2.  Remove the pot from the heat and strain, reserving the liquid.  Allow the mixture to cool slightly, then put the solids through a meat grinder set on coarse grind.  (You can also chop with a knife if you don't have a meat grinder.)


3.  Place the ground meat in a large bowl. Using a wooden spoon or rubber spatula, mix in the cooked rice, parsley, scallions, and the reserved cooking liquid.  Stir vigorously for 5 minutes.  When the boudin-rice mixture is first combined, it looks very wet and it's pretty spicy.  Don't worry; after poaching, the rice absorbs the excess moisture and much or he spice.  The wet texture and extra spice ensure that your final boudin will be moist and full of flavor.


4.  At this point you can feed the sausage into the casings.  Poach the links gently in hot (not bubbling) water for 10 minutes, then serve.  Alternatively, you can use the mixture as a stuffing for chicken, or roll it into "boudin balls," dredge in bread crumbs, and fry in hot oil until golden brown.



Smoked Sausage & Lima Bean Stew - (Serves 4)



2 tablespoons olive oil

6 oz. mild smoked sausage, cut into 3/4 inch cubes

1 small onion, thinly sliced

1 celery stalk, diced

1 small carrot, diced

1 medium turnip, diced

1/2 teaspoon salt

1/4 teaspoon ground black pepper

4 cups water or chicken stock

2 cups shelled fresh (or frozen) lima beans



1.  Heat the oil in a large Dutch oven or pot over medium-high heat.  Add the sausage and cook, stirring for 2 minutes, until lightly browned, then add the onion, celery, carrot, turnip, salt, and pepper then cook for another 5 minutes, until the vegetables are tender.


2.  Add the water and bring to a boil, then reduce the heat and simmer for 15 minutes.  Add the lima beans and simmer for another 15 minutes, until the lima beans are tender.  Taste the stew and adjust seasonings as desired.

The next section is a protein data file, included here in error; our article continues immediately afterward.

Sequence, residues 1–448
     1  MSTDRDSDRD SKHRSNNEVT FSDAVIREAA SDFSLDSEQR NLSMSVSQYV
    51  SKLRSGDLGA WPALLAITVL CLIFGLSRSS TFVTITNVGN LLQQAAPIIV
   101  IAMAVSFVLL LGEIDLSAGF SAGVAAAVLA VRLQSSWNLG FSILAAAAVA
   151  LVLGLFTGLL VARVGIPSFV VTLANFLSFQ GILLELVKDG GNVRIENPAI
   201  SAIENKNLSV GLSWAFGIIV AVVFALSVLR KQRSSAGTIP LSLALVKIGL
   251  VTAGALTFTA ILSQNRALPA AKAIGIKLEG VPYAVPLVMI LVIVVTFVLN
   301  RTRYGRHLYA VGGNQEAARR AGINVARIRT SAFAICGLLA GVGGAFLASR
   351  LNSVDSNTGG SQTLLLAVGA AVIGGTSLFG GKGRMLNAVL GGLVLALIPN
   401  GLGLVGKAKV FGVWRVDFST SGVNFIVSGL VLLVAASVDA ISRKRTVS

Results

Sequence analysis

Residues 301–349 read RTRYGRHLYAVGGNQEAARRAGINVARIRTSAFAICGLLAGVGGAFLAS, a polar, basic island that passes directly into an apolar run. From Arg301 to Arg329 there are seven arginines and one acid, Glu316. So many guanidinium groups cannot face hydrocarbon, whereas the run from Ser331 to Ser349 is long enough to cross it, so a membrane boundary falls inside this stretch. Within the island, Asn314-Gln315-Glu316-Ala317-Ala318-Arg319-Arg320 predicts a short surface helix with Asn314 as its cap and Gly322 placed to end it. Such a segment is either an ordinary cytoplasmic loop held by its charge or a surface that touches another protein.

Sausage Stuffed Chicken Thighs - (Serves 4)



8 boneless skin-on chicken thighs

Salt & ground black pepper

5 tablespoons olive oil

8 sage leaves

1 lemon, very thinly sliced

1/2 lb. simple pork sausage, or other pork sausage



1.  Lay the boneless thighs skin side down on a cutting board and cover with plastic wrap.  Evenly pound each piece with a smooth side of a mallet or rolling pin, working from the center of the thigh outward.  Transfer the thighs to a baking dish, season with salt and pepper and drizzle with 3 tablespoons of the olive oil (use your fingers to coat each piece evenly).  Top each thigh with a sage leaf and a slice of lemon, and marinate in the refrigerator for at least 1 hour, or overnight.


2.  When you're ready to stuff the thighs, discard the lemon and sage and place 1 to 2 tablespoons of sausage in a strip down the middle of each thigh.  (resist the impulse to overload the chicken because you'll want to roll the meat neatly around the filling.)  Wrap the chicken snugly around the filling, and secure with two toothpicks.


3.  When you're ready to cook, preheat the oven to 375 degrees F.


4.  Heat the remaining 2 tablespoons olive oil in a cast-iron or nonstick skillet over medium-high heat until very hot, but not smoking.  Add the chicken skin side down, and sear for 5 to 10 minutes, turning the bundles as necessary to brown on all sides.  Transfer the thighs to a baking sheet, then roast in the oven for 15 minutes, until they feel firm when squeezed gently.


5.  Transfer the stuffed thighs to a cutting board or plate to rest, uncovered, for 5 minutes to allow the juices to settle.  Remove toothpicks, slice each into 1/2 to 1 inch thick slices and serve.